Helping the Emotional Side

I’ve been mentioning lately what’s been going on with C.  He’s felt pretty normal and accepting of his diabetes and most aspects of celiac disease from the get-go.

When he started basketball, I wanted to lower his basal while he played.  But C wanted to step outside to pull his pump out and make the changes.  And he wanted to test in the car before we went in and back in the car after the game.  It was the first time I’d seen him attempt to hide his diabetes.

I saw him clearly uncomfortable at the basketball party that I’ve already been writing about too much lately.  He sat with US to eat instead of at the “team table.”

He’s mentioned “just eating gluten” a couple of times lately after a pretty big break of not mentioning it.

He’s falling behind in school.  He gets sent home for a high blood sugar (I’m talking 4-500s when he comes home and I believe its’ stress-induced).  He misses class assignments and lessons.  Teachers don’t send work home.  He goes back lost, gets stressed, high blood sugars follow and I get a call to pick him up.  Vicious circle much?  He thinks he’s stupid.

Two of his best friends who lived on our block have both moved away in the last two months.  One to another city.

He’s been getting more and more short-tempered and not wanting to do anything fun.  Video games are about all he’s been interested in.

I finally put him in counseling this week.  It’s been at the top of my to-do list since he was diagnosed with diabetes and felt even more urgent after adding celiac.  He had crummy insurance for a while which wasn’t covering it and I couldnt’ afford it even though I didnt’ feel we could afford to not do it.  His insurance was switched but then LIFE got in the way and I just wasn’t giving it the priority I knew it deserved.  The other day he came home in a bummer mood again, we ended up in an argument of homework of all stupid things and I knew I needed to do something.  I started making calls to insurance and counselors that day.

I expected serious backlash.  I’ve mentioned it before and gotten it.  This time I explained to him that he hasn’t seemed happy with anything.  School seems to be making things worse and that he deserved a great, happy life.  I told him he’d been handed a lot of difficulties that would be hard for anyone of any age to deal with and that to expect it to be easy would be silly.  I told him that no matter how much I love him, a lot of our attempts at talking about school or attitudes or whatever else turn into arguments or door slamming.  I told him he needed to have someone safe in his life.  Someone he could always talk to and never worry about it turning into an argument.  I told him he had an appointment with a counselor and that we were definitely giving it a try.  I said it was my job to make sure he had the happiest life possible and this is my next attempt to make sure of that.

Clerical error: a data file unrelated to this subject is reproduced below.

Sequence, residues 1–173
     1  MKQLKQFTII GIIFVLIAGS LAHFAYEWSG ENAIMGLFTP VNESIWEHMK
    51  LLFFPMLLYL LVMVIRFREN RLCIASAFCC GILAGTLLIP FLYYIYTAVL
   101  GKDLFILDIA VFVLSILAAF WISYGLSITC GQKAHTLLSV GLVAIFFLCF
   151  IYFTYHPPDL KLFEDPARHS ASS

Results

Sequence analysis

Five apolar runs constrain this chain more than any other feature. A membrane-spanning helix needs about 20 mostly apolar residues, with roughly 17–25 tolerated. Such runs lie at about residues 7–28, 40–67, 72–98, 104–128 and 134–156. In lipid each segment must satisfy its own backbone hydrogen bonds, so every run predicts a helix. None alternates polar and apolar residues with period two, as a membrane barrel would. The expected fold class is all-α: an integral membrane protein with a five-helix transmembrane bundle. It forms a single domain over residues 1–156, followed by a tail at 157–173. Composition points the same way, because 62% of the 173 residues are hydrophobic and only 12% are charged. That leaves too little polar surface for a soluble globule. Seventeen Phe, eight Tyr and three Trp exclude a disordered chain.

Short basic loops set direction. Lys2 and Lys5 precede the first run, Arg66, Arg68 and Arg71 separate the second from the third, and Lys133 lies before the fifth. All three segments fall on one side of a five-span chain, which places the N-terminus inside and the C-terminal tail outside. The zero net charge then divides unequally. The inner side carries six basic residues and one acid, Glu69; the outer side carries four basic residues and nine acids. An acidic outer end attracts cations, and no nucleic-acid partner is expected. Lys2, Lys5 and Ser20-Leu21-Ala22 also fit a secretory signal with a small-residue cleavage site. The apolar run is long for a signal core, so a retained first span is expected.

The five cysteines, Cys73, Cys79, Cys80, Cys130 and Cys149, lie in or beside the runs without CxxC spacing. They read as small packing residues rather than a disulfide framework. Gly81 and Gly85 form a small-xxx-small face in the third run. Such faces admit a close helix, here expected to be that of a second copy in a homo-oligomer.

He said, “I don’t really want to, but I’ll try it.”

We went that night.  I went in with him to explain that he had been diagnosed with diabetes, celiac and ADHD (with no hyperactivity, but inattentiveness…another  thing nobody ‘gets’ they all think he should be bouncing off the walls if he’s got it) all in one year.  When he asked C questions, he responded.  He had a smile a few times when we were there.  It seemed hopeful.  I’m just so happy that he seemed so responsive.  It means that this is going to be a positive help that much sooner.

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4 Responses

  1. I’m so sorry to read about all this difficulty, Emily. It sounds like you have a great plan to address it and, as always, a great attitude to go along with it. I hope things get better, even if it’s just at a baby step at a time. You both deserve it.

  2. Hope things get better soon. Sounds like youre doing all you can and should mama. ((hugs))

  3. You are taking wonderful steps to help your baby! Maybe you can meet with the school/teacher and ask them what their plan is to help your son feel smart again!

  4. OH MY GOODNESS!

    I don’t have anything insightful, but wanted you to know that I think you’re doing a great job and I’ll keep you in my prayers!

    I feel so bad that he feels so badly about himself. It tears at my heart…I hope this turns around soon.

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